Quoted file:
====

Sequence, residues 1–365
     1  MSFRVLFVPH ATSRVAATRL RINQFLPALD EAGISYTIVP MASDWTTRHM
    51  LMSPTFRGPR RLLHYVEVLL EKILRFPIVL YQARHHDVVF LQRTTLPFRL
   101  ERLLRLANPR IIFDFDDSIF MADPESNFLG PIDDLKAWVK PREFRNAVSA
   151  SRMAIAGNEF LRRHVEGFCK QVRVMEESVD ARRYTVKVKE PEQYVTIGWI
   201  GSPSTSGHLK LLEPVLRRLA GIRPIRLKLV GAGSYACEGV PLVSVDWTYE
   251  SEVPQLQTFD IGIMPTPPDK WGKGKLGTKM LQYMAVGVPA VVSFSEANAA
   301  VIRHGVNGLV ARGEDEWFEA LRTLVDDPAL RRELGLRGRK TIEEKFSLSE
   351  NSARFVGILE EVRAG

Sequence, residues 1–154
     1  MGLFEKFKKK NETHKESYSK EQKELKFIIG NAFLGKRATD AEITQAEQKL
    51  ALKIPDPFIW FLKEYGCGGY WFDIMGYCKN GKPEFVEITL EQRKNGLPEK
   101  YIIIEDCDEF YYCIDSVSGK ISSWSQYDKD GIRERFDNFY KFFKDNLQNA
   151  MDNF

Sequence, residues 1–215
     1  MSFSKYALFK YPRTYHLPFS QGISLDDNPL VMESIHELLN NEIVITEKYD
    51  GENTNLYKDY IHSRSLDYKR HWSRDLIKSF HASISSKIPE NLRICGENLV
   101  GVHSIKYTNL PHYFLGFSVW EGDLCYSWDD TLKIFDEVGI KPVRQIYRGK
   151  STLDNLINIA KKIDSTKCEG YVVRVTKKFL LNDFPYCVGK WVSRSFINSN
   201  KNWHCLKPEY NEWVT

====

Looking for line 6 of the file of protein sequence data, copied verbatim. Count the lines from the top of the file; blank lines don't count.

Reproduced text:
   201  GSPSTSGHLK LLEPVLRRLA GIRPIRLKLV GAGSYACEGV PLVSVDWTYE